I have searched for some time for the "insider scoop" on how academics operate when it comes to mathematical research (theoretical physics research would also be interesting, but mostly interested about math research).
I read "Letters to a young mathematician" which was a nice book but didn't talk much about the research process.
If I google "Research process", or "How is research done", I mainly get recommendations of steps of how to do independent research.
These step include brainstorming, choosing a research subject and looking through background information and articles.
But how are these done in an academic setting and in a group setting?
I understand usually while doing a PhD you would have an advisor which would help you with these things but you would mostly do them independently.

But I mean people who are employed as mathematics professors at a university, how do they go about it?
Do they do just this independent process? Do they cooperate together on the same research?
Mostly what is interesting to me is how a group of people can research something together, and if this is even attempted.

  • 1
    $\begingroup$ Just in case no one else mentions it, the adage "It's not what you know, it's who you know" is not 100% accurate here but it is much greater than 0%. Most people who get funding for math research get it because they do good work with people, perhaps more senior people or their advisor, who already have funding. $\endgroup$ Commented Jan 8, 2014 at 13:41
  • $\begingroup$ You might read this amazon.fr/gp/aw/d/2246798825 $\endgroup$ Commented Jan 8, 2014 at 14:43

2 Answers 2


This really depends on your personality. When I was a graduate student, I worked a lot with my adviser who guided me through problems. Every time I had an idea, I would pass it by him to see how interesting it really was. After spending enough time on a particular problem, you start to get a feeling for how it can be extended or changed, and also what is difficult about that problem. It helps to get an outside perspective sometimes.

Now I work as a postdoc in a different field altogether. Though I still work on my mathematical research. For some problems, I am the only one who really knows anything about them, so I work alone. There are other problems that I would like to have more time to put to, but cannot for various reasons. For these problems I have several collaborators who also are interested in them. We meet from time to time to talk about what we have done, and to discuss future goals. This also helps me stay motivated about these problems.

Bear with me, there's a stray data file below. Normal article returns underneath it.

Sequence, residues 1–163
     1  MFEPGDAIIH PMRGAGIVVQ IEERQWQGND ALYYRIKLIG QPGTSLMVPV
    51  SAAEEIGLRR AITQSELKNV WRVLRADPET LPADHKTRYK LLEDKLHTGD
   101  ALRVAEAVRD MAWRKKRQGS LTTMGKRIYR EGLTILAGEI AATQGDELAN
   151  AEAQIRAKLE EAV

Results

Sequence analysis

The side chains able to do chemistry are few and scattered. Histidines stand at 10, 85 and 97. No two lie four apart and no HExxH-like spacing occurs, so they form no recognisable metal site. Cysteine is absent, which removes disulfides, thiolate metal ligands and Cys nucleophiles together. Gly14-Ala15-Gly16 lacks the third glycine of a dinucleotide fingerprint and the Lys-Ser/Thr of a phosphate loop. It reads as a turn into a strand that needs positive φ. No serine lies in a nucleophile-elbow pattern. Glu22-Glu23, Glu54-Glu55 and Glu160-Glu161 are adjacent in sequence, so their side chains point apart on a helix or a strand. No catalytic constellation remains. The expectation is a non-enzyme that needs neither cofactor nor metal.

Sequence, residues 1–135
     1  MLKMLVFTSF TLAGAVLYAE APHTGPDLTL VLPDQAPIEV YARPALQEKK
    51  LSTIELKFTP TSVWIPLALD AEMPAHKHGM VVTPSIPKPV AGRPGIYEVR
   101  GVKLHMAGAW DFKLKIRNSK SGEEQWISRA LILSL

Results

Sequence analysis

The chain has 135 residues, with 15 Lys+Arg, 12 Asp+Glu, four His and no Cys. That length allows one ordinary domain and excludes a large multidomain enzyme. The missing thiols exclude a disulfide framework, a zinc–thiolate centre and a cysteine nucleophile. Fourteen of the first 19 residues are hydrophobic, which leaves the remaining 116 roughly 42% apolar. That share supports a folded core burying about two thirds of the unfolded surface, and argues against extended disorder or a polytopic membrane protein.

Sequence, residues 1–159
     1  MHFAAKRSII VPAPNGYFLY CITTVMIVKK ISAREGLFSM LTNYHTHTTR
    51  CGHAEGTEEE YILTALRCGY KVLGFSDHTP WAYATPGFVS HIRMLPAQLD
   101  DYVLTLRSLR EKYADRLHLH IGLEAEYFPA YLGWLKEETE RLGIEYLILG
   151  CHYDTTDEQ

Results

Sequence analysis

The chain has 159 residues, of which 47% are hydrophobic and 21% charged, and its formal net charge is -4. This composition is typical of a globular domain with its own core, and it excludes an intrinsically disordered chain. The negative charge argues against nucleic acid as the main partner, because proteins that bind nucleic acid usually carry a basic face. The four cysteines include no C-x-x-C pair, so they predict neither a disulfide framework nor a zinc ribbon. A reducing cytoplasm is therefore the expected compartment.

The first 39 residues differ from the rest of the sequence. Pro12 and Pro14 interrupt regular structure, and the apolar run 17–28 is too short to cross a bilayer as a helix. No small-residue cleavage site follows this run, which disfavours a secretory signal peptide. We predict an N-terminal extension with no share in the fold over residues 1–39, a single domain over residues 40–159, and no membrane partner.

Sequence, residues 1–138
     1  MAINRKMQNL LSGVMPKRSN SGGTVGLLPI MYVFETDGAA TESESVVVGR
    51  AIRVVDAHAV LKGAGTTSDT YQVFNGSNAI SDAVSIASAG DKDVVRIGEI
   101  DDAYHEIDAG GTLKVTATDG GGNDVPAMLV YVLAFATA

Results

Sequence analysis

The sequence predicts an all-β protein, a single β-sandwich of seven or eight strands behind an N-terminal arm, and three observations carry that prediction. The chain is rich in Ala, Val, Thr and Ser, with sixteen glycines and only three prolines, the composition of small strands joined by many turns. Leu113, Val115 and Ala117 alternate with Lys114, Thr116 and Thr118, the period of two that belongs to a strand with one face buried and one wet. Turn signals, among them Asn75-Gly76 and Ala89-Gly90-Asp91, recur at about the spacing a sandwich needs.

There are people who insist on only working alone, and some are more successful than others. On the other hand, there are many people who don't do any work alone. There are highly successful mathematicians where almost all of their publications are collaborations.

There are always more problems than you have time to solve, and it helps to work with others.

  • $\begingroup$ Sometimes at conferences I have seen other mathematicians talk about a problem they want others to come in and help on. Either because they got stuck or they got bored with it, and would like to have someone else take the reins. $\endgroup$
    – Joel
    Commented Jan 8, 2014 at 14:43

I believe it is still the case (but less than in the past) that most mathematics research papers have only one author. So they were presumably done by the "independent research" method you wrote about. Even with two-person research, it is like the "independent" method, except there are two guys who bounce ideas back and forth (and in between meetings work on them alone) until they get results they like.

This is NOT like an experimental physics lab, where there is the Big Guy (or a Committee) that decides on what to do, and all the Little Guys carry it out.


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